Prince Alwaleed reveals planned new investments in Saudi Arabia

Prince Alwaleed bin Talal’s detention sent shockwaves through boardrooms around the world. (Reuters)
Updated 21 March 2018

Prince Alwaleed reveals planned new investments in Saudi Arabia

LONDON: Billionaire Saudi Prince Alwaleed bin Talal has revealed plans for a string of new investments in his first interview since being detained at the Ritz-Carlton in Riyadh.
Speaking exclusively to Bloomberg Television, he said that life was now “back to normal” as he gave an intriguing inside account of his detention as part of the Saudi government’s high profile anti-corruption drive.
The Kingdom Holding chief was one of the most high-profile figures to be detained at Riyadh’s Ritz-Carlton Hotel as part of a widespread anti-corruption drive.
In a television interview with Bloomberg, a fast-talking Alwaleed said: “I am for the anti-corruption that took place in Saudi Arabia. Now, unfortunately, I was added to that group. But fortunately, I’m out of it right now and life is back to normal.”
The prince, once dubbed the Warren Buffett of Saudi Arabia, was released from the Ritz-Carlton hotel in early January.
He was among about 350 suspects rounded up since Nov. 4, including some of the Kingdom’s most senior businessmen. As a major investor in several global corporations, his detention sent shockwaves through boardrooms around the world.
Now, after being released, he wants to reassure investors of continuity across his sprawling business empire. “I need to clear my name,” he said. “And to clear up a lot of lies.”
Specifically, Alwaleed rejected claims that he was tortured, detained in a prison and was forced to abandon work on the world’s tallest tower under construction in Jeddah, and instead transfer workers to the recently announced Neom mega-project instead.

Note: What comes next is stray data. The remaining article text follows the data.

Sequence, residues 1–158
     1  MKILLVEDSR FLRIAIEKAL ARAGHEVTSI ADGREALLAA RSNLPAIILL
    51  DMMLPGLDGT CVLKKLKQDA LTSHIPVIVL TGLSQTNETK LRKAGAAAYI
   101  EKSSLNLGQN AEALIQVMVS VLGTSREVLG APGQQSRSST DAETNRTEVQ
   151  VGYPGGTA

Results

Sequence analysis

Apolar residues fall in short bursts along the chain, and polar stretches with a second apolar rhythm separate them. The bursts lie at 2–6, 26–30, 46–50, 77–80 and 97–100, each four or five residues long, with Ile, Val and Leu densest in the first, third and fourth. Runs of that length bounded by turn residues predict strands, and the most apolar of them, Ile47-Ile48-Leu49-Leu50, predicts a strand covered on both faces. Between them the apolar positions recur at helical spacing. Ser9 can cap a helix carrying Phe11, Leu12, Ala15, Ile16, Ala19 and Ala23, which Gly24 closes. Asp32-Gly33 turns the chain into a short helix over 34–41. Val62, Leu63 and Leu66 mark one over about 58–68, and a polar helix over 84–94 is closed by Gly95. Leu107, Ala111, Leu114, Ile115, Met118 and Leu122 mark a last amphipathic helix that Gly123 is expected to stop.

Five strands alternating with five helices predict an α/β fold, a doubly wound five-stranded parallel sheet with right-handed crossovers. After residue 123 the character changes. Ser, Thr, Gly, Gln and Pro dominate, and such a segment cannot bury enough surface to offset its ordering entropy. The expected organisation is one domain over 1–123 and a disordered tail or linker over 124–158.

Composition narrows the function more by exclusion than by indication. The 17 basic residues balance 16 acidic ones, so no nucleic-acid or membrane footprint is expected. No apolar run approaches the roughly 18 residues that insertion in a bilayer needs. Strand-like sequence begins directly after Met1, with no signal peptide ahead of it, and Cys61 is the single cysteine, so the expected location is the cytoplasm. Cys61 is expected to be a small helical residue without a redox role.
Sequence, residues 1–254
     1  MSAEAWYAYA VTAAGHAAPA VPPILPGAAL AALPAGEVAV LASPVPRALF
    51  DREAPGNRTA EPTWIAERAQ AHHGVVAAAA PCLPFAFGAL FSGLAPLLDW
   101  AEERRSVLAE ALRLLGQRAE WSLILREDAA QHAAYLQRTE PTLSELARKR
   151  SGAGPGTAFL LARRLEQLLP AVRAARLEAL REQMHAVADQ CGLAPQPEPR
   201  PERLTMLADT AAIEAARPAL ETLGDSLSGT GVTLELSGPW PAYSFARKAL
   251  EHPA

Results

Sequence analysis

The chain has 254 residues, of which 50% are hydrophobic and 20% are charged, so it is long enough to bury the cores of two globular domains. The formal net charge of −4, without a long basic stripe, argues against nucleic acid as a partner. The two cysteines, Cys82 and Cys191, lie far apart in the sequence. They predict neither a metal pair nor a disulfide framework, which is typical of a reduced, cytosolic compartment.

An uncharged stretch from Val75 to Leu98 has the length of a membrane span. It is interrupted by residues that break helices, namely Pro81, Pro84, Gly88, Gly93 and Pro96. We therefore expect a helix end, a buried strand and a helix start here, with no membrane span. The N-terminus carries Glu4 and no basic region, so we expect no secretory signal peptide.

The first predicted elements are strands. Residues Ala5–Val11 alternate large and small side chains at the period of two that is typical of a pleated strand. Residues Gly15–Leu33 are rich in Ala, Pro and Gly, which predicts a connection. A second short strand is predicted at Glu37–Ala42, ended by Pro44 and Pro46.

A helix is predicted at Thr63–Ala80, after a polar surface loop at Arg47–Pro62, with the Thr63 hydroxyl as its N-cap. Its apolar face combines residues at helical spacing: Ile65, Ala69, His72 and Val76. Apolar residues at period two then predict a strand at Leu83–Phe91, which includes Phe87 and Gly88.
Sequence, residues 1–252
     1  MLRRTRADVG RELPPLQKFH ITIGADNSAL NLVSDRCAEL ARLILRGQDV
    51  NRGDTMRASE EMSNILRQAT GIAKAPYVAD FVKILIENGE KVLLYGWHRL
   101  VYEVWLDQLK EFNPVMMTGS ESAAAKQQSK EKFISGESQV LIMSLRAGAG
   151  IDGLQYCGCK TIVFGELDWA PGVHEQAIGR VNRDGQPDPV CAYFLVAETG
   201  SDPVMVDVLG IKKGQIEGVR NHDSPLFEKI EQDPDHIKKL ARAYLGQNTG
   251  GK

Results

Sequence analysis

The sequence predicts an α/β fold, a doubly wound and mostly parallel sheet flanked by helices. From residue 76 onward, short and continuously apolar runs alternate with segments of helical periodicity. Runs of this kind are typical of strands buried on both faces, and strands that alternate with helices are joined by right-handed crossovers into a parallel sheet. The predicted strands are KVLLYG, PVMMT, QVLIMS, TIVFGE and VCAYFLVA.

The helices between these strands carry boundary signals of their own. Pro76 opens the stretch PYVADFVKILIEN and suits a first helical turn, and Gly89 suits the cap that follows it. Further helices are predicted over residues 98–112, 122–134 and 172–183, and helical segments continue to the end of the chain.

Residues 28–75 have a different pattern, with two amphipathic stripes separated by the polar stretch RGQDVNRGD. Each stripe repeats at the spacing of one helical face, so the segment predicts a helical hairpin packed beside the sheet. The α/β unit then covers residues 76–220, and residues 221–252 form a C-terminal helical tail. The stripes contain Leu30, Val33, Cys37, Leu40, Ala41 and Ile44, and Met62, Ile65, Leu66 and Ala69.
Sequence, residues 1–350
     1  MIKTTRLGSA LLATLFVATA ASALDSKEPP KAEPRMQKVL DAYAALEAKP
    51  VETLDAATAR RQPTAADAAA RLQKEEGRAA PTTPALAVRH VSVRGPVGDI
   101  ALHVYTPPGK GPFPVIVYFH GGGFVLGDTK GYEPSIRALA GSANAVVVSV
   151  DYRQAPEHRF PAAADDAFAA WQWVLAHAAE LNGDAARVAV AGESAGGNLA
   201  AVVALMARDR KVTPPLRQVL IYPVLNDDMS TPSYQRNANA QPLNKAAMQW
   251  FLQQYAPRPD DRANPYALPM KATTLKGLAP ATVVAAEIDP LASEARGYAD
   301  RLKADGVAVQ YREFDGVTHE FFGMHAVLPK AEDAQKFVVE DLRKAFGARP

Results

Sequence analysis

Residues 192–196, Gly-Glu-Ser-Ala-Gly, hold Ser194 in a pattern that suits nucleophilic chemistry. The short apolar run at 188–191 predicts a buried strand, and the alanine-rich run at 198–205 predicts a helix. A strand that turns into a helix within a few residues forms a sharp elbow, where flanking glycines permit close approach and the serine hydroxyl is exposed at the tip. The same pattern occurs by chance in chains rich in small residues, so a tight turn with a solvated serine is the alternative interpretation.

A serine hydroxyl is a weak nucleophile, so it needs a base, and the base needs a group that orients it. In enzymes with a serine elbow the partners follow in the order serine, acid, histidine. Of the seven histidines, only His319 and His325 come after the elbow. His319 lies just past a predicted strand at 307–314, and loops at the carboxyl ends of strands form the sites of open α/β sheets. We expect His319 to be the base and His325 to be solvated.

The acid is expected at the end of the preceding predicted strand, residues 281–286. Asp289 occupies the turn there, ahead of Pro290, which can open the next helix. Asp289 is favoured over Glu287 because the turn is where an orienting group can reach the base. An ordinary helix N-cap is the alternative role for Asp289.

To reinforce that point, he held up a letter that he said was from Saudi Binladin Group, the main contractor on the 1,000-meter tower.
He said: “It says the following: ‘Saudi Binladin Group would like to assure Jeddah Economic Company that it remains committed to the completion of the Jeddah project.”
Alwaleed said that no charges had been brought against him and described his detention as a “misunderstanding.”
Asked if it cost him anything to leave, he said: “I will not comment on the content of the agreement between me and the government.”
The prince also revealed how he spent his time at the now world-famous Ritz-Carlton Hotel in Riyadh.
“I really divide my time into a lot of sports, a lot of walking, a lot of meditation, a lot of watching news, a lot of praying.”
The vegan prince said that while he would usually have two meals a day, when he was at the hotel he would instead have six small meals.
But while the interview painted a fascinating picture of his time at the Ritz-Carlton, the precise details of his agreement with the Saudi government were not disclosed.
Still, Alwaleed did reveal that plans were under consideration to spin off some his company’s property holdings in Saudi Arabia into a separate entity which could be a real estate investment trust (REIT).
He said that his company had invested more than $3 billion in Saudi Arabia last year and that Kingdom Holding planned to raise between $1 billion and $2 billion of new debt.
Alwaleed also revealed plans to co-invest with Saudi Arabia’s Public Investment Fund.
“Yes, this will happen. We are in discussion right now with PIF, so we co-invest in certain projects, yes,” he said.
Alwaleed’s interview comes just days after another Ritz-Carlton detainee, Waleed Al-Ibrahim, also outlined new business plans following his release.
The MBC chairman described plans for a new joint venture with the government in an interview with The Wall Street Journal.


HSBC profit slump adds to bank sector coronavirus woes

Updated 04 August 2020

HSBC profit slump adds to bank sector coronavirus woes

  • London-based bank reports massive slump in net profit, plans to slash 35,000 jobs